COVID-19 upside: my read on how it’s bringing us closer together

Peter FiorenzaGeraldton Guardian
Erin Donnelly and son Corbin, 4, read a book together.
Camera IconErin Donnelly and son Corbin, 4, read a book together. Credit: Ian Munro/The West Australian

I was very lucky. I had a wonderful childhood.

It is, perhaps, only today I am starting to realise how fortunate I was growing up in Geraldton in the late 1970s and early 80s.

I had lots of family and friends around, in a world that seemed unaffected, with organised sport and a happy school environment.

On weekends and holidays, we would join up with the other kids in our street for fun and adventure, and we would ride our bikes all over the place; trips to the park, or down the Chapman River.

Often you could find us all at a deli (corner shop) playing pinball or Space Invaders, while eating chips and reading our favourite comics.

It was a carefree life that was, somewhat, taken for granted.

Now, there is often a reason behind why people have a favourite number or colour.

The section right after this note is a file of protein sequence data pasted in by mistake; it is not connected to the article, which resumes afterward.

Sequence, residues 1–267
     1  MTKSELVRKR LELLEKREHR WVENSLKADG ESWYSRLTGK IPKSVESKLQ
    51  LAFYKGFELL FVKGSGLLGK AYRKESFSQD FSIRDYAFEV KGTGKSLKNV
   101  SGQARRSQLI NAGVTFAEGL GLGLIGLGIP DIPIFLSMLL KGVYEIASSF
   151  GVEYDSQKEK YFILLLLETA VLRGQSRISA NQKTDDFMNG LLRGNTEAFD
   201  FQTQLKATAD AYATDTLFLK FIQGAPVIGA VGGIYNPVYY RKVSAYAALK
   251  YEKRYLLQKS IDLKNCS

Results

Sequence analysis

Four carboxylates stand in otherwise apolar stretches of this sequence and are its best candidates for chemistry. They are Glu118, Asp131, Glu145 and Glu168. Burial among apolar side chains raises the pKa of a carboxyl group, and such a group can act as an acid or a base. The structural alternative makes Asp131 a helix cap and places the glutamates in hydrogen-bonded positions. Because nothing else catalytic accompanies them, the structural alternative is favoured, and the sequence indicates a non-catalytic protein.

My favourite number is four. Why? Well, when I was primary-school age, I attended St Lawrence’s in Bluff Point.

St Lawrence’s is still a wonderful hub for formative education, but back in my time, it was run by the lovely Sisters of Nazareth.

The same order that are responsible for the wonderful Nazareth House nursing home and the best fete, ever.

Back to No. 4.

Well, my Grade 4 teacher at St Lawrence’s was Mrs Rita Farrell.

Even before I attended her class, Mrs Farrell had been at the school for a long time.

Yes, there have been several other teachers who have had an impact on me, but none more than Mrs Farrell, when it came to an introduction to reading.

I recall fondly, afternoons, soon before the home-time bell went, when Mrs Farrell would allow us to sit, or lie on the floor and listen to her read.

Now, this was not just any piece of writing, or any book.

It was the adventures of Enid Blyton’s The Famous Five.

Enid Blyton’s The Famous Five was a favourite book during my childhood.
Camera IconEnid Blyton’s The Famous Five was a favourite book during my childhood.

Yep, she had us captivated in the lives of Julian, Dick, Ann, George and Timmy the dog.

As Mrs Farrell read aloud these post World War II tales, there wasn’t a stir.

She read them so beautifully, that I later bought the whole collection, which I still have to this day.

I understand that the Covid-19 situation has seen many families and individuals head back to the past in many ways.

There are those who have got out the paints and brushes, and jigsaws and board games are also doing a roaring trade.

And perhaps, just maybe, reading aloud to our youngsters has come back into fashion.

Hey, if you want a copy of a Famous Five adventure, you can borrow one of mine.

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